The case for raunchy teen lit

A study warns parents about sex in YA novels, but these books can educate -- and spark a passion for reading

Topics: Teenagers, Children, Parenting, Love and Sex,

The case for raunchy teen lit

I started out with classics like Nancy Drew and “The Boxcar Children,” but at some point in my fledgling reading career I became less interested in fictional young detectives than in solving some mysteries for myself — namely about sex and romance. Raunchy young adult novels were just the thing to satisfy my curiosity, cement my passion for books and, of course, titillate with descriptions of, oh my God, open-mouthed tongue kissing.

Not everyone shares my gratitude toward the sexy subset of the genre, though. A recent study published in the Journal of Sex Research warned that more than half of popular YA titles include some sexual content, defined as everything from kissing to intercourse. Researchers also noted that 94 percent of sex scenes involved “non-married partners, and over a third of those were non-committal.” It’s worth noting that the study was conducted by Brigham Young University, which is, ahem, run by the Church of Jesus Christ of Latter-day Saints. The dubious source aside, this is far from the first time concern has been raised over the prevalence of sex in teen reads, which is unfortunate.

Today I would hardly defend the particular visions of sexuality in the books I devoured as an adolescent. Christopher Pike, for instance, liked killing off characters shortly after they lost their virginity. But I was oblivious to the moralistic and outdated messages hidden in some of these stories. By the time I cracked open these edgy books I had already developed my ideas about what it meant to be a boy or girl and what to expect from relationships. I just wanted to know more about what it was like to go on a date, kiss a boy or even to have sex, which seemed then like a scary and mysterious thing (and, who am I kidding, it still does).

In the essay “The Secret Source: Sexually Explicit Young Adult Literature as an Information Source,” Amy Pattee, a professor of children’s and young adult literature at Simmons College, wrote:

Because the sexual content of young adult literature can be explicit and detailed, and because these passages may even stir the senses and be considered erotic, I argue that these fictional texts should be considered as unique information sources that can offer young readers both realistic and needed information about sex and the sex act as well as a private, safe place to try on new feelings of sexual desire.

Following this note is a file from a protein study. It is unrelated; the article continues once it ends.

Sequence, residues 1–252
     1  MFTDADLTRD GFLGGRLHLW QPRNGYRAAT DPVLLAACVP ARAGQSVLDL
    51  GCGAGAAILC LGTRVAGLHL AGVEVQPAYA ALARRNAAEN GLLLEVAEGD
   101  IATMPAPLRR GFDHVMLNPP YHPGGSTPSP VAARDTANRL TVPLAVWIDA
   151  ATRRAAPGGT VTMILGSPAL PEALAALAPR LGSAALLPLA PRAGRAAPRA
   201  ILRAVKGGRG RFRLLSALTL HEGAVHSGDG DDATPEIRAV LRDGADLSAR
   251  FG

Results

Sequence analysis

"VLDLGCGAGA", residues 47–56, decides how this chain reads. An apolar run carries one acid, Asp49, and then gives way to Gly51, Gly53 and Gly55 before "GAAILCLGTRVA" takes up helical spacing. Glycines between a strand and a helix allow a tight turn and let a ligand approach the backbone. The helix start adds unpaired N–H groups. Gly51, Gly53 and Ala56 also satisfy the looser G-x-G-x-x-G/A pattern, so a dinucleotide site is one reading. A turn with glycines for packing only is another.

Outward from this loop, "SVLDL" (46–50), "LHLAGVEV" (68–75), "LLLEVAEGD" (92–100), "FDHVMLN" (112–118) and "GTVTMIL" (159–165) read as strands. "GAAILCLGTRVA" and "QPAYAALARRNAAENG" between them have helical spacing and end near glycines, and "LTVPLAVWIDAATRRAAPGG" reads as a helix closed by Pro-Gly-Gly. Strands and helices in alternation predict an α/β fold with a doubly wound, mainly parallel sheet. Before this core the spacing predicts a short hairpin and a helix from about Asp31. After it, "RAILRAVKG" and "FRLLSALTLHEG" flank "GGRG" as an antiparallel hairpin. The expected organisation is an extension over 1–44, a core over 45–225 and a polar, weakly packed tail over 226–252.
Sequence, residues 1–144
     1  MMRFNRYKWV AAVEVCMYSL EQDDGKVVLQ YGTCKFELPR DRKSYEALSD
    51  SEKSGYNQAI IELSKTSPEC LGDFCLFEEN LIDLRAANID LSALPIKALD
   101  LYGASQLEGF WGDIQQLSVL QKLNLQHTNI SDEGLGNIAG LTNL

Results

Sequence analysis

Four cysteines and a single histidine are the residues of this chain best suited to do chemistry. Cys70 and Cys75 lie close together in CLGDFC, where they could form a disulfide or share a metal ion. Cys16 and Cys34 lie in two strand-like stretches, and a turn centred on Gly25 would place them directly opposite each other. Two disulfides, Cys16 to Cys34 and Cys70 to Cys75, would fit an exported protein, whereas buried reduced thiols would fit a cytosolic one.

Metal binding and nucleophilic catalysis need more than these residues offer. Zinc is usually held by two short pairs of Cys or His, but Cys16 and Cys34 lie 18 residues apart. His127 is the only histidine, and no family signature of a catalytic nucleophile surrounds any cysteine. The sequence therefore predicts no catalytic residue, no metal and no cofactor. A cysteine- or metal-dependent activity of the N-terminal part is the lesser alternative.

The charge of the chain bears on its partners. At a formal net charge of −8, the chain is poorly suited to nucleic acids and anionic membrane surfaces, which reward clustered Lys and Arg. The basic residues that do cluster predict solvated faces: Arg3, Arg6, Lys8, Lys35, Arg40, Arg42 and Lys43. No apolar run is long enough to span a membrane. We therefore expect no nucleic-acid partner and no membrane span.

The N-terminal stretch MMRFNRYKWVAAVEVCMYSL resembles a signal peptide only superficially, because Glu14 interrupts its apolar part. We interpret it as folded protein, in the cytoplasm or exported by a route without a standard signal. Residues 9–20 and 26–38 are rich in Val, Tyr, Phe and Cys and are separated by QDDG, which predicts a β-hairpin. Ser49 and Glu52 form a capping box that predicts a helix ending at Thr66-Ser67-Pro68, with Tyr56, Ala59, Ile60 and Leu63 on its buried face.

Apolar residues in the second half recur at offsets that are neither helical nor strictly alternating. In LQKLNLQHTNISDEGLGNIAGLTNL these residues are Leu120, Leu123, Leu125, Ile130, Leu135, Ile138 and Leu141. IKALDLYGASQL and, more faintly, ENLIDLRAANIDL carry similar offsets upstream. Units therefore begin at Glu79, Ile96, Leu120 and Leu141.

These books aren’t a replacement for sex-ed but rather a way to begin exploring what it means to be a sexual being. Kids get to vicariously try on different roles in the safest way possible. A couple of years after I discovered these reads, my family got Internet access at home — a development that made my investigation much easier, as well as age-inappropriate and potentially dangerous. The fact that the Web has exploded since I was an adolescent makes the concern over edgy literary content seem adorably naive. Parents should be relatively ecstatic if their kids are getting their sexual know-how from books and not XTube.

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It isn’t just that these novels can give kids a glimpse of a more mature world; they also reflect their actual reality, as good books tend to do. By the time they turn 19, 70 percent of teens will have had sex. More than half of American teens 15 to 19 years old have had oral sex. As Pam B. Cole, author of “Young Adult Literature in the 21st Century,” has written, “Sexuality is a huge part of adolescence and drives a great deal of adolescent behavior, any realistic novel about adolescent development that does not include sexuality is incomplete.”

Popular YA novels will reflect the world that teens are living in, and that world is undoubtedly imperfect. I wish I had found books as a teen that fully celebrated healthy sexuality — but, well, I also wish I lived in a culture without massive sex guilt. (I suppose there’s the sci-fi/fantasy aisle for that.) But I doubt that unease over the sexiness of the genre has to do with the way sex is presented, as opposed to the fact that it is presented at all.

Heather Corinna, founder of the sex-ed site Scarleteen, wrote me in an email, “Of course, I think some of this, ‘OMG, sex is just everywhere, everywhere, everywhere where my children can see it!’ stuff from American parents is often really more like, ‘Dammit. It’s getting harder and harder for me to justify not talking about sex with my kids.’” She adds, “I’m still trying to figure out what kind of parent isn’t just freaking happy their kid is reading books at all.”

Tracy Clark-Flory
Tracy Clark-Flory is a staff writer at Salon. Follow @tracyclarkflory on Twitter and Facebook.

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